How, exactly, do I get this dried up poop stain off of my puppy's butt? It's a question no person has, most likely, ever expected to hear themselves say or think. But for puppy guardians, it's not a terribly uncommon thing to wonder. Removing dried poop from a dog's butt is certainly not anyone's idea of a good time, but doing so as quickly as possible will not only result in a clean dog and home, it may prevent completely avoidable medical issues.
Dogs prone to messes
While a rear end covered in poop can certainly happen to any canine regardless of breed, age, size, and health, there are some dogs who may be more prone to messes back there. Dogs who naturally have long or thick hair are one of these types of dogs, as fecal matter can easily become matted up in anything longer than short fur. A sick puppy may also be faced with more messes than a healthy dog, especially if your pup has come down with a condition like giardia or parvo, both of which often result in diarrhea, says VCA Hospitals.
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Puppies may also be prone to sticky butts covered in poop for a couple of reasons. First, depending on your puppy's age, she may not be eating the most solid of food, which can certainly lend to loose or wet stool that is easily smeared across one's backside. Second, puppies have little if any control over their bladders and bowels and some may take several months to get the hang of pooping in appropriate places, which can lead to accidents everywhere.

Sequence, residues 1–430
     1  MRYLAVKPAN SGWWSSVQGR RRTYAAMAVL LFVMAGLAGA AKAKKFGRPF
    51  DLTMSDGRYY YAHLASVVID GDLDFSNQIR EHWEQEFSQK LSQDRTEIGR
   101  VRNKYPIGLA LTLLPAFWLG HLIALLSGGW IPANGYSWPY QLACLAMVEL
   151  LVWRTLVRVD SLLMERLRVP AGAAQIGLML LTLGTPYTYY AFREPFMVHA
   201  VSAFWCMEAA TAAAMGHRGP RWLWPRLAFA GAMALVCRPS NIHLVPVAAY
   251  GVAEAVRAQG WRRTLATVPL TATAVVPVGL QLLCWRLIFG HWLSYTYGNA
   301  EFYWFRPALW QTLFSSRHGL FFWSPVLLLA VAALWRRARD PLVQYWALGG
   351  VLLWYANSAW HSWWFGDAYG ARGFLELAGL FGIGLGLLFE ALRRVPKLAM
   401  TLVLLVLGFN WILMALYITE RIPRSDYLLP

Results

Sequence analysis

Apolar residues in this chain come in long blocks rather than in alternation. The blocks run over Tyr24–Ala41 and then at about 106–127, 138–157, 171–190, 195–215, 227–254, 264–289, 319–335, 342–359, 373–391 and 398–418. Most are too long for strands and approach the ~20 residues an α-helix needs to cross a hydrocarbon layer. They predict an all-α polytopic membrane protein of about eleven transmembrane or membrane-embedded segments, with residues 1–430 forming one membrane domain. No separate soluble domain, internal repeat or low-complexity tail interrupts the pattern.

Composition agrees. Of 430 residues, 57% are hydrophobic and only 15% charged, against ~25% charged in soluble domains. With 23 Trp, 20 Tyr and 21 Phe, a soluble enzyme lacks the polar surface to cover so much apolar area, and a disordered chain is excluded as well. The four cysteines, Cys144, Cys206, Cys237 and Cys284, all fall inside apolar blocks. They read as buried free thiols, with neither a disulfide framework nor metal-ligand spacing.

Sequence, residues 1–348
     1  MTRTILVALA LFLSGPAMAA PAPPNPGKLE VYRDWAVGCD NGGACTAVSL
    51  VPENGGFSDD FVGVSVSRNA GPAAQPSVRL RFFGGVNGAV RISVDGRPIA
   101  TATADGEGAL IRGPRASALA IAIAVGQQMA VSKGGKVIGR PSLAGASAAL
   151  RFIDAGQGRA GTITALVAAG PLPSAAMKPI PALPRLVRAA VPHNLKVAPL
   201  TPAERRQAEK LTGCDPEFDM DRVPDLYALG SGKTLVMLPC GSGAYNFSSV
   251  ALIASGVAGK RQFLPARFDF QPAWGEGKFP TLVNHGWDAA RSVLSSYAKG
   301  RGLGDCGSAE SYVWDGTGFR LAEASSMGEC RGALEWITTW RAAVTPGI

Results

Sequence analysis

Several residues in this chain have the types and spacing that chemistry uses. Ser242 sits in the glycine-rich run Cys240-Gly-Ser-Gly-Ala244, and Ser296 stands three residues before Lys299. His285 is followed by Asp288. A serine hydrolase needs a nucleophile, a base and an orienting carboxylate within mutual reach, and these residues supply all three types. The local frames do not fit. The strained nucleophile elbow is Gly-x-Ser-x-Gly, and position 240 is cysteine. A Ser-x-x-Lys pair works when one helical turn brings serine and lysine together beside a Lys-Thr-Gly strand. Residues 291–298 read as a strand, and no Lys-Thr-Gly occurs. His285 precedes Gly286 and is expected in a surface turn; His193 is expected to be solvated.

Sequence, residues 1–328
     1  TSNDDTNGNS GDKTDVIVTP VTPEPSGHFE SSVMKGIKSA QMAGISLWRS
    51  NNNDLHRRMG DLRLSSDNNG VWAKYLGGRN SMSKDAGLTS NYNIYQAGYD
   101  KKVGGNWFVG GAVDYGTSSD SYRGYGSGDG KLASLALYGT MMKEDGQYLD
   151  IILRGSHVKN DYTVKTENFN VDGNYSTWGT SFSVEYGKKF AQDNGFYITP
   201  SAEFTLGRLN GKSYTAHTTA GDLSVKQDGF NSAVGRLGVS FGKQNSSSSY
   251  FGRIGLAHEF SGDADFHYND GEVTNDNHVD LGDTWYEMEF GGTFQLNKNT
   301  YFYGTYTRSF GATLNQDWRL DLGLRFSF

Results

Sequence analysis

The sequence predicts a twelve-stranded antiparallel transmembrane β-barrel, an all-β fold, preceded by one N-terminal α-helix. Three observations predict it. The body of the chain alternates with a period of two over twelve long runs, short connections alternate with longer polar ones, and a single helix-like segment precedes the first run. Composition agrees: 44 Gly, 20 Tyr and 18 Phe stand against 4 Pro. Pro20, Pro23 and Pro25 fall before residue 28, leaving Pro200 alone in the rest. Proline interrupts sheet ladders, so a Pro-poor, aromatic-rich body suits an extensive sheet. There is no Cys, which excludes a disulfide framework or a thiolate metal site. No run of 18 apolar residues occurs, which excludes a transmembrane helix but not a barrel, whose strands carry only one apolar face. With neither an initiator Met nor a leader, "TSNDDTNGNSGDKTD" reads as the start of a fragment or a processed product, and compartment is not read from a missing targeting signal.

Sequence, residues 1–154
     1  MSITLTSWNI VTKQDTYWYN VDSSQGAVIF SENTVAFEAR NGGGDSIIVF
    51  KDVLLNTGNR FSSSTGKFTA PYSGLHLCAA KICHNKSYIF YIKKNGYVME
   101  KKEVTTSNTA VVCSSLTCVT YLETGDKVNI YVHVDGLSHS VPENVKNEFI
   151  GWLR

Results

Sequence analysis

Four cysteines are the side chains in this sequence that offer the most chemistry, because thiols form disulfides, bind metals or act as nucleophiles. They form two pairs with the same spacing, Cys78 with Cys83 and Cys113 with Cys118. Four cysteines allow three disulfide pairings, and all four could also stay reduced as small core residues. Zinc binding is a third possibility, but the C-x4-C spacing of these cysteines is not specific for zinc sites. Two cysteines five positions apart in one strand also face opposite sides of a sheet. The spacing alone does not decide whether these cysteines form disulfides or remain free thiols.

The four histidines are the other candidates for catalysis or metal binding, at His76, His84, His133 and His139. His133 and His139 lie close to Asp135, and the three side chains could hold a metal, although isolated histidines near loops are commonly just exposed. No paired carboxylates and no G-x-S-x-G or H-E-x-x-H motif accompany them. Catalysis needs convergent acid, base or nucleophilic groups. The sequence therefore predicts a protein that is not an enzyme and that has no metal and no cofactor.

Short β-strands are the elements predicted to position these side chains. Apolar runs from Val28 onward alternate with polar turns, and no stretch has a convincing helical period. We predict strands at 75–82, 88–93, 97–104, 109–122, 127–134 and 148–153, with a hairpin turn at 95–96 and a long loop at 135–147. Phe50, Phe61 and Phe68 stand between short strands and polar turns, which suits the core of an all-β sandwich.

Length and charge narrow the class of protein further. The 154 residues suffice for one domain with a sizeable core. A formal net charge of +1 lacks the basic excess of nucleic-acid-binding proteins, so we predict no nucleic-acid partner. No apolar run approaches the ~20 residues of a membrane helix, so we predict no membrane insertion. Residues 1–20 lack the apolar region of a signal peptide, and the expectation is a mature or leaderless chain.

How to remove dried poop
Removing dried poop from your puppy's bottom is not much different than removing dried mud or other spills from his fur. If you can get the mess immediately you'll have the best shot at a clean recovery with little discomfort to your dog. Start by using a damp towel or paper towel to remove any large pieces of fecal matter from your puppy's butt and be sure to hit any areas where messes may have scattered, like down the legs or even under the belly. You may also use baby wipes or wipes formulated for cleaning pets, which are available at most pet, grocery, and drug stores.
If your dog's dried feces is not wiping away with a towel, give him a bath using warm water and pet shampoo, taking extra care to gently wash away the dried poop. If you notice that your dog's hair has become matted up around his anus or if it is covering his anus entirely, it's best to consult a medical professional to remove the mat, as doing so quickly or without proper care can result in intense pain for your dog. When you're done bathing or wiping your dog, dry him and his butt thoroughly, and be sure to brush long or thick fur regularly.
Reducing poopy butts
Want less poppy butts to deal with in the future? Who would say no to this question! To reduce the risk of more messes and the discomfort that comes with it, good hygiene is key — this means regular bathing, cleaning after messy bowel movements, and offering regular hair trims for long-haired dogs. According to Petful, not clipping thick or long hair around the anus of some dogs can lead to a condition called pseudocoprostasis, which can cause bad odors, fecal stains, or may possibly prevent your dog from passing a bowel movement if the mat is too thick. Finally, if you see that your dog is dragging her butt across the carpet, is licking her anus compulsively, or tends to strain or wince while pooping, consult your veterinarian to have her anal glands examined and expressed, if necessary.